SANTA FE, N.M. — The Santa Fe Board of Adjustment has approved the New Mexico School for the Arts’ request for a special use permit to relocate to the former Sanbusco Market Center, which was purchased for the school by an affiliated entity last year.
While the school’s pending move to Sanbusco is forcing numerous specialty stores or restaurants from the shopping center to relocate, the permit application approved unanimously by the board on Tuesday was supported by Fabian Trujillo, director of the city’s Economic Development Division. He concurred with an impact study commissioned by the school.
“The Sanbusco Center’s tenants are relocating to Santa Fe’s other retail spaces which (include) but are not limited to DeVargas Center and the Santa Fe Place mall,” wrote Trujillo in a memo.
“NMSA is not only re-purposing and revitalizing the Sanbusco Center; the NMSA expansion will increase retail occupancy rates elsewhere in Santa Fe. NMSA will provide a world-class environment where students from all over the New Mexico can be prepared for a career in the arts and where NMSA student performances can enrich an already vibrant arts and culture sector.”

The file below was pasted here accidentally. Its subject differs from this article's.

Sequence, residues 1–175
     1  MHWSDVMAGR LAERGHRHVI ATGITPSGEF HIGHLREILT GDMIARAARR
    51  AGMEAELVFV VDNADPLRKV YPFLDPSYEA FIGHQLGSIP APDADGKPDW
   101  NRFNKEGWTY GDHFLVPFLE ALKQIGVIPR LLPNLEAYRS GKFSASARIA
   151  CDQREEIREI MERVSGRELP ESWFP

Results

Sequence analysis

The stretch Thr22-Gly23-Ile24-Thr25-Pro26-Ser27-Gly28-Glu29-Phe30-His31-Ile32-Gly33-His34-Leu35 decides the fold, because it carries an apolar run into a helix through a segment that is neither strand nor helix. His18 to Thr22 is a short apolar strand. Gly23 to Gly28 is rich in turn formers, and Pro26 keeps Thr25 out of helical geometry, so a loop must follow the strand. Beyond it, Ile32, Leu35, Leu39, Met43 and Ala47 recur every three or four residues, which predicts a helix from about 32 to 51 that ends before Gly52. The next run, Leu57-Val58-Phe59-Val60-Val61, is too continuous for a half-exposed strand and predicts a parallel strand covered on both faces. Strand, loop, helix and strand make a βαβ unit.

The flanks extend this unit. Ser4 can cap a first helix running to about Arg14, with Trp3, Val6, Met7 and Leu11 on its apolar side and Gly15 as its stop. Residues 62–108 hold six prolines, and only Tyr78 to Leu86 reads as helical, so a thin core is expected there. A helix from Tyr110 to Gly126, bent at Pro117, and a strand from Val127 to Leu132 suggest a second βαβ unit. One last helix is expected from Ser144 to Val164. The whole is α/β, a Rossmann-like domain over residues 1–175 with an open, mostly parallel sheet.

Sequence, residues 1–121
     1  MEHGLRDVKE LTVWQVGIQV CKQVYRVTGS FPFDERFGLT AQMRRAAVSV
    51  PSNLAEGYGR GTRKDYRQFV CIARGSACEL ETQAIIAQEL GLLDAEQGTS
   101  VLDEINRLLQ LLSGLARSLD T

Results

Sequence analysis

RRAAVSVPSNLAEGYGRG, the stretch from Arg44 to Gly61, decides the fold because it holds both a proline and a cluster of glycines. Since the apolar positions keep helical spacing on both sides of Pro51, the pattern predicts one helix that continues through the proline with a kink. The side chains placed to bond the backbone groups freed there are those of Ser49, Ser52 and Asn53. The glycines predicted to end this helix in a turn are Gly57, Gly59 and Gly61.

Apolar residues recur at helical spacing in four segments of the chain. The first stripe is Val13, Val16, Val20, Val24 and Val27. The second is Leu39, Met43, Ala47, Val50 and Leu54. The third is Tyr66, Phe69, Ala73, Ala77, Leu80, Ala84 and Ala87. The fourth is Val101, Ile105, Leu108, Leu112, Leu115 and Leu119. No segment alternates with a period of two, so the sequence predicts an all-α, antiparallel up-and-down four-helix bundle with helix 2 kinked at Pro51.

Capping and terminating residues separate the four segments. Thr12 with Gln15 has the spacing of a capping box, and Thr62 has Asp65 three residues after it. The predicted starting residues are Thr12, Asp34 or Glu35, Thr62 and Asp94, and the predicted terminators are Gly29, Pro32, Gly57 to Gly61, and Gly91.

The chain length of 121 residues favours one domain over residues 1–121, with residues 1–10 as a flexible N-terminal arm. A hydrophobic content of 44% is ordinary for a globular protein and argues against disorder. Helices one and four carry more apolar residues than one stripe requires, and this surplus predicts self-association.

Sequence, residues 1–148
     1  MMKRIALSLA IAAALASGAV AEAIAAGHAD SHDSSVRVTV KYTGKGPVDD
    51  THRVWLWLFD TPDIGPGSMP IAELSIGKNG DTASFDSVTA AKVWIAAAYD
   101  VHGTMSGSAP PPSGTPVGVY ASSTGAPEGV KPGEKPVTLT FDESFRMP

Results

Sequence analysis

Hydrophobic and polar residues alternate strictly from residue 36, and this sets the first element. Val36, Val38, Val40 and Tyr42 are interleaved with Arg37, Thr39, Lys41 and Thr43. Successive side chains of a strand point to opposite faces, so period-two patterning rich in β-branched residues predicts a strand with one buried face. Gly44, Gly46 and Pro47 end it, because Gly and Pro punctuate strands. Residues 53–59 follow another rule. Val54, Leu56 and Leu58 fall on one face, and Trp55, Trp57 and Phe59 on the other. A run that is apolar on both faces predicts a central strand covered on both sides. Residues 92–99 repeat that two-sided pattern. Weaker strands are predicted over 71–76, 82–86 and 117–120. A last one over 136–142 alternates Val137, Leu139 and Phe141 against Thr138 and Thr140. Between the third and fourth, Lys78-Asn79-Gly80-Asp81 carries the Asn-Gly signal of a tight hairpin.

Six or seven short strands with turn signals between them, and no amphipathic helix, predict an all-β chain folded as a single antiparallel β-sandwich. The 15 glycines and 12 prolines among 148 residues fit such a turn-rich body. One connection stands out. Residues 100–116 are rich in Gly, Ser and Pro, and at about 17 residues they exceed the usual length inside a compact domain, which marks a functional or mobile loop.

Its plan, with calls for a total investment of more than $23 million, includes dormitory space for 25 students, 25 classrooms, a 10,000-square-foot auditorium and gallery space. The school is now located in the former St. Francis Cathedral School downtown.
The school contracted with O’Donnell Economics & Strategy, University of New Mexico economics professor Kelly O’Donnell, for the impact study. The report said that, when the school achieves a full, 300-student enrollment, expected by 2019, it will spend $5.9 million annually and account for 128 jobs. It should generate $214,000 in annual tax revenue from operations and about $2.2 million during construction on the 5.2-acre complex, the study says.
Trujillo quotes the report as saying that additional economic output factors, such as new visitors, students living and studying in the area, student families, college recruiters, public performances and other funding that the schools draws into Santa Fe, will raise the economic output projection for the school over the next 10 years to $80.3 million.